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PJ’s Roastmaster Discusses Cold Brew Concentrate, Home Tastes

pjs coffee new orleansThe roastmaster for New Orleans-based PJ’s Coffee was never interested in the coffee business until he took a part-time job to help pay for college and was promptly introduced to his first French press.

Now Felton M. Jones Jr. oversees a six-person roasting operation that supplies some 55 PJ’s locations in Louisiana and Mississippi (plus one location in Mississippi and one in New Jersey). In a recent interview with the New Orleans Times PicayuneJones remains fairly tight-lipped about his professional roasting techniques, but freely shares his tastes for beans and preferences when brewing at home.

The 41-year-old does shed some light on PJ’s method for creating its cold coffee concentrate:

“It’s a long, 18- to 24-hour steeping process. It’s a meticulous process. The benefits are, No. 1, the acidity just goes away. A lot of coffee drinkers come to enjoy cold drip not just because they like it cold versus hot, but because their bodies don’t react to it in the same way. People who suffer from acid reflux love cold drip.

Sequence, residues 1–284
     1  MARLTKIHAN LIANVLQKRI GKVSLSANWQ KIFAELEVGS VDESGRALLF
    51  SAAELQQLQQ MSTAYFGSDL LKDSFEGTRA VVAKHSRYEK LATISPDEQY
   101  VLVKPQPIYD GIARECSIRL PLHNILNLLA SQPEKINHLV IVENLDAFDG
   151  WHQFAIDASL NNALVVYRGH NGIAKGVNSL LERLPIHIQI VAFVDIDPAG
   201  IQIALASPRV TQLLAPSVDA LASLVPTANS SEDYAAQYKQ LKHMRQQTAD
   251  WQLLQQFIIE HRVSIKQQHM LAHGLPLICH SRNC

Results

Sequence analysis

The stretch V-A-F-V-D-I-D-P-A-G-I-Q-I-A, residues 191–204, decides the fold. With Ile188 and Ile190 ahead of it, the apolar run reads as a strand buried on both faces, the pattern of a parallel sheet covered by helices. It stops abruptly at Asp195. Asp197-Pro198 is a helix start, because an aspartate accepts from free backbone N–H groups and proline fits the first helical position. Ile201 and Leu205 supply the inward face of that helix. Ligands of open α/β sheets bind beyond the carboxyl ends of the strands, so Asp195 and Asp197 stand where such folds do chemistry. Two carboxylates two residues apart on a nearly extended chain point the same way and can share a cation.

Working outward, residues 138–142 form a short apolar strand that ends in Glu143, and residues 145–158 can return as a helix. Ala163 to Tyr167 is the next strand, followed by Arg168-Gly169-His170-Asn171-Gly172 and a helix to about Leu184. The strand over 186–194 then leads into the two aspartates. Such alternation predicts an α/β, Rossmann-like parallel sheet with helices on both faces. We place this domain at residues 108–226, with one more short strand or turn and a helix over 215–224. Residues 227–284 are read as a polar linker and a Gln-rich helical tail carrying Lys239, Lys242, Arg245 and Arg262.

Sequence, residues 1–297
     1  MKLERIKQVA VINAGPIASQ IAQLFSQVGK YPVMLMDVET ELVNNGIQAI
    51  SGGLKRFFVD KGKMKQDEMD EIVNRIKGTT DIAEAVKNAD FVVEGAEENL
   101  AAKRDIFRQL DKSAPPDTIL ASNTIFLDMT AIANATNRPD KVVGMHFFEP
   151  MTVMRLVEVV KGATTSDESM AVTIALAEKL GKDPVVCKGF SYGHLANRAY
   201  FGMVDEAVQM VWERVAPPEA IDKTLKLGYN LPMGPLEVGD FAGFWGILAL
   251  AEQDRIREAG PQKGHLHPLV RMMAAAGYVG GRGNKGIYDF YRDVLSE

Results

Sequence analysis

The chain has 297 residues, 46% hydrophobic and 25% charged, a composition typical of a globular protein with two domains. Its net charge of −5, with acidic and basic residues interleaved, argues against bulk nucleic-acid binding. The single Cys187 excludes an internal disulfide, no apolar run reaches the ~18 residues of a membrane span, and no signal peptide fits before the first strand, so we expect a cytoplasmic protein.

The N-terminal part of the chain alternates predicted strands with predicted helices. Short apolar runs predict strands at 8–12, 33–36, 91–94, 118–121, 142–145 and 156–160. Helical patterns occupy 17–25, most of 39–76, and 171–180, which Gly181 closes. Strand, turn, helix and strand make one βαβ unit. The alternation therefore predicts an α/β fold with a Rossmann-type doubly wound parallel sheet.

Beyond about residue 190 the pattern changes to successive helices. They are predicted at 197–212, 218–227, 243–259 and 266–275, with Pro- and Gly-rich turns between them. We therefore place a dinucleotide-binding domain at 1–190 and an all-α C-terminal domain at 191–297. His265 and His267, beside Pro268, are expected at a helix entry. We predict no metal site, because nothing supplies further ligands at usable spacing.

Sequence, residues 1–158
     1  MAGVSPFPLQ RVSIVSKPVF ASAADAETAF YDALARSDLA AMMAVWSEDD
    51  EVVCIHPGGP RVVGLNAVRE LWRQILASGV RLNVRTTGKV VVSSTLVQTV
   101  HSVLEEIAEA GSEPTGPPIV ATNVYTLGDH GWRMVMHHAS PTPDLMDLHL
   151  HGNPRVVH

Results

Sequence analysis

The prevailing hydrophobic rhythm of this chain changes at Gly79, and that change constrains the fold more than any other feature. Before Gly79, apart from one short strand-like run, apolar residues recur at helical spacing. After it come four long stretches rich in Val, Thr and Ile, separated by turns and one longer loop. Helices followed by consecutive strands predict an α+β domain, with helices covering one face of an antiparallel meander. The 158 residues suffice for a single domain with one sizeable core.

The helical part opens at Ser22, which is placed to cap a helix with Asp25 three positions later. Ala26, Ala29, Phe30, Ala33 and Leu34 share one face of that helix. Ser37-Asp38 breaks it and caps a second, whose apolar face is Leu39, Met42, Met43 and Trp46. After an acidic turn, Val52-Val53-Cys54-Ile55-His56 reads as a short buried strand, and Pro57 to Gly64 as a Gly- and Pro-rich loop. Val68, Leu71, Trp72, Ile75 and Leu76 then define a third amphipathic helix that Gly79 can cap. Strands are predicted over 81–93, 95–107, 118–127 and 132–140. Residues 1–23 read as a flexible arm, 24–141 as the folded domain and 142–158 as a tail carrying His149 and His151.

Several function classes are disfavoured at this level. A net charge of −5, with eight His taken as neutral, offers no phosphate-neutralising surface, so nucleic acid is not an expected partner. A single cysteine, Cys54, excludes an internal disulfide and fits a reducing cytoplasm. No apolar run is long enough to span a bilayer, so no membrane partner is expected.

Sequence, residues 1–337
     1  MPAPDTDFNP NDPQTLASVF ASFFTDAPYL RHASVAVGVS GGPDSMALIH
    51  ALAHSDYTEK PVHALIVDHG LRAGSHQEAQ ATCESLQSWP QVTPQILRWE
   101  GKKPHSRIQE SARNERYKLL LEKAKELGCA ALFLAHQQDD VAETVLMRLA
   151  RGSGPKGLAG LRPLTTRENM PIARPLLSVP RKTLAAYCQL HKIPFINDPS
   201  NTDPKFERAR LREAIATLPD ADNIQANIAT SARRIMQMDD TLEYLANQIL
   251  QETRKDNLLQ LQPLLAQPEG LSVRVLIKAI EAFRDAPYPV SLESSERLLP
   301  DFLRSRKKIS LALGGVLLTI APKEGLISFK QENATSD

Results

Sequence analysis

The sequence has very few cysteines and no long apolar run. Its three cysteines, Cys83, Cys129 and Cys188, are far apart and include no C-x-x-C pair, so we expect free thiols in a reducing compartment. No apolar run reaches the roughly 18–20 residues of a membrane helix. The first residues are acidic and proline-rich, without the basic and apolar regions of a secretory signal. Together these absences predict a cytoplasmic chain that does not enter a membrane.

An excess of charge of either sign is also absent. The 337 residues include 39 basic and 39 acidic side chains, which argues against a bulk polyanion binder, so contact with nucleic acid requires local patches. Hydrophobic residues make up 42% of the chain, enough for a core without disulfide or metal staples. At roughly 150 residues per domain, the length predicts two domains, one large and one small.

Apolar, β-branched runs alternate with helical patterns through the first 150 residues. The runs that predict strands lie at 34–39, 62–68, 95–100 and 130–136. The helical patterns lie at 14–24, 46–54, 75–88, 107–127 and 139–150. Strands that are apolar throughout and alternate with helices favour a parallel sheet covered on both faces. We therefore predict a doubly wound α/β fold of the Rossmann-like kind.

“It brews at room temperature. Think of a bucket and a huge coffee filter. And that coffee filter is filled with five pounds of coarsely ground coffee. Because you’re letting it steep for so long, that’s the reason why it’s coarse.

“The PJ’s way for hot coffee is to use eight-ounces of ground coffee to yield one gallon of brewed coffee. For cold drip, that five pounds of ground coffee will only yield about two and a half gallons of brewed coffee. So it’s much more intense. There is a little bit of water dilution that takes place as well, but they do that behind the scenes, that’s part of the propriety recipe.

“At the counter level, it’s 50-50 diluted concentrate and milk over ice, and that’s what makes a perfect cup of iced coffee.”

Read the full interview here.

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